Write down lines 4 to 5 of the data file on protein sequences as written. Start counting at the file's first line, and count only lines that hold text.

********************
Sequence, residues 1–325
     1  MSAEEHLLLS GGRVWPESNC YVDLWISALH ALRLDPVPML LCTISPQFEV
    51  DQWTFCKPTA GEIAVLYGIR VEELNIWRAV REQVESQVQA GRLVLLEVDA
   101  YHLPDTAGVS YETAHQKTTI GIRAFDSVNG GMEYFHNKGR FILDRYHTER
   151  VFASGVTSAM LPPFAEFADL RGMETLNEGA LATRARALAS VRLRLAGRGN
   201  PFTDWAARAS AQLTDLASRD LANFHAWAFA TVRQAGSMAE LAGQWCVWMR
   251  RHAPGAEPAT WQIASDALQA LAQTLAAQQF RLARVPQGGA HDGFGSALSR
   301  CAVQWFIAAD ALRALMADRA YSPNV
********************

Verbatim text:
   101  YHLPDTAGVS YETAHQKTTI GIRAFDSVNG GMEYFHNKGR FILDRYHTER
   151  VFASGVTSAM LPPFAEFADL RGMETLNEGA LATRARALAS VRLRLAGRGN